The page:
At school, basketball games, parent-teacher conferences, and the principal’s office, my ex-husband’s intimidating presence often caused alarm: His NFL linebacker size, black sunglasses, and menacing scowl, combined with his giant dog shirt, had a formidable effect.

I’m tasked with being friendly while trying to ascertain the situation.

When I stepped out of the vehicle, the law enforcement officer had his eyes on me, and The Scholar gestured in my direction.

The loud bustle of cars whizzing by on the highway, situated just a few yards from the serene weigh station. I removed my shades and felt my lips tense.

Who had worn this foolish grin that seemed to rouse somebody’s fury? (What was it compared to? Something akin to custard inside a dress?)

The cop demanded to know why I had come to a halt and what my intentions were, his voice echoing around me.

The Scholar spoke, her tone aggrieved, and pointed out, “That’s my mom and dad.” She was not frightened, rather she was angry – that was her usual reaction.

I was in a festive mood as I announced that we were headed to the beach to celebrate someone’s birthday. I was concerned that the heavy traffic would mean my companion and I would become separated, so I didn’t want that to happen.

My little sisters are not pleased when I do this activity which I am pretty skilled at. Afterward, they often mockingly imitate me, as they find it annoying that I excel at this task.

I inquired, “What’s the issue?” “Is it that troublesome seat belt?”

What sort of smile was it?

The police officer peered intently at me and then at the van.

The male passenger had neglected to fasten his seat belt, yet the comment was dry, “Oh, he has it on now.”

He requested my license, registration, and insurance documents, and I attempted to lighten the situation with a joke about the registration being buried within the glove compartment.

I pulled the insurance card from my wallet, but the registration was out of date and he gave me a stern look before returning to his patrol vehicle.

I leaned into the window and sternly reminded Laurie that they had not put on their seat belt, which was something they always did. Simultaneously, the Scholar was discussing California’s dire need for additional funds.

He professed, “It was not me who did it; it was Bink.”

At nineteen years old, Bink was significantly darker than himself and had her tresses coiled up in a black cap, accompanied by a vast black tee. His gaze was full of ire as he rolled his eyes in annoyance.

One person remarked, “He’s coming back.” The officer then drew near the opposite side of the van. “I require the male traveler to open the door,” he instructed. “Please open the door,” he requested.

Ever so cautiously, Bink opened the entrance.

The officer requested Bink to show her license. He hid the fact that he initially believed she was a male. He did not ask either Bink or Laurie to disembark from the vehicle. I no longer had imaginings of people face down in the dust.

He wrote the citation, Laurie stared directly at The Scholar’s tresses, The Baller stared ahead out the front window, and I could tell Feets was observing in the rear view without a single motion. I stood stiffly close to the driver’s-side window until the citation was completed.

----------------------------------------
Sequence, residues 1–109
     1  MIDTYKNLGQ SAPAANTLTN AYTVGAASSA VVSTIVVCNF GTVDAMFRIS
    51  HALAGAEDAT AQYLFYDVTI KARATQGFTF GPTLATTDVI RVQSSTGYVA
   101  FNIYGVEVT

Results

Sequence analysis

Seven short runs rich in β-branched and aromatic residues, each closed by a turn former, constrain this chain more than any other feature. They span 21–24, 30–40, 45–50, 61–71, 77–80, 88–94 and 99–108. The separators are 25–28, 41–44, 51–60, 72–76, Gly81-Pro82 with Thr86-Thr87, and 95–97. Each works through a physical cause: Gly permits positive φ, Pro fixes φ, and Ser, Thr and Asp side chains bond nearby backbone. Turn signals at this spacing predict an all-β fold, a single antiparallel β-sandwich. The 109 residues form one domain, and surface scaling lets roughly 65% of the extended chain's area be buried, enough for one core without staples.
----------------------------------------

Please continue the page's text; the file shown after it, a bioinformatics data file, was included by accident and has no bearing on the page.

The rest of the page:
It wasn’t until that evening that I noticed my lips were curved over my teeth again, and I recalled the delightful, dazzling grin. Custard.

In Toni Morrison’s work Sula, a mother and daughter are on a journey from Ohio to Louisiana. While they are on the train, the white conductor speaks harshly to them for not being in the “Colored car,” The mother responds by smiling and showing her teeth.

This causes the other black passengers to feel contempt for her and her daughter to be discomfited by her custard-colored skin and her lack of strength.

Earlier, around 20 miles from Corona, I had been relaying what I had heard a few days ago to my ex-husband. I had offered one of our numerous nephews a drive back home after his football practice with the Scholar.

We took a while in the driveway of my father-in-law’s dad’s house, conversing with two of his brothers, three cousins, and a family friend.

A crowd always gathers in the driveway due to the house not having air conditioning, with a cooler of beers, folding chairs, card tables, and stereo speakers attached to the carport’s wrought-iron supports. It’s the communication base for the entire neighborhood.

We discussed a newspaper article concerning a police investigation into the 2006 shooting of our coach’s brother.

The commission found no fault with the officers even though the brother was stopped thrice in 30 minutes, the first one because of his “unusual look” and the second time because he ran a stop sign and executed a U-turn.

The official report stated he had resisted when they tried to place him in their car for questioning. People who were presently mentioned that he was shaking, his hands trembling and that the officers declared they were arresting him.

The man’s brother had been shot by police officers when he was very young. One of the officers said that the brother had gone for his Taser gun, but the other officer fired at him. The witnesses mostly spoke Spanish and said that the man’s brother did not reach for the Taser.

Mr. T, a friend of mine, shared that the police had stopped him in the predominantly white area where he had lived for ten years. The authorities informed him that he resembled the description of a person involved in a robbery.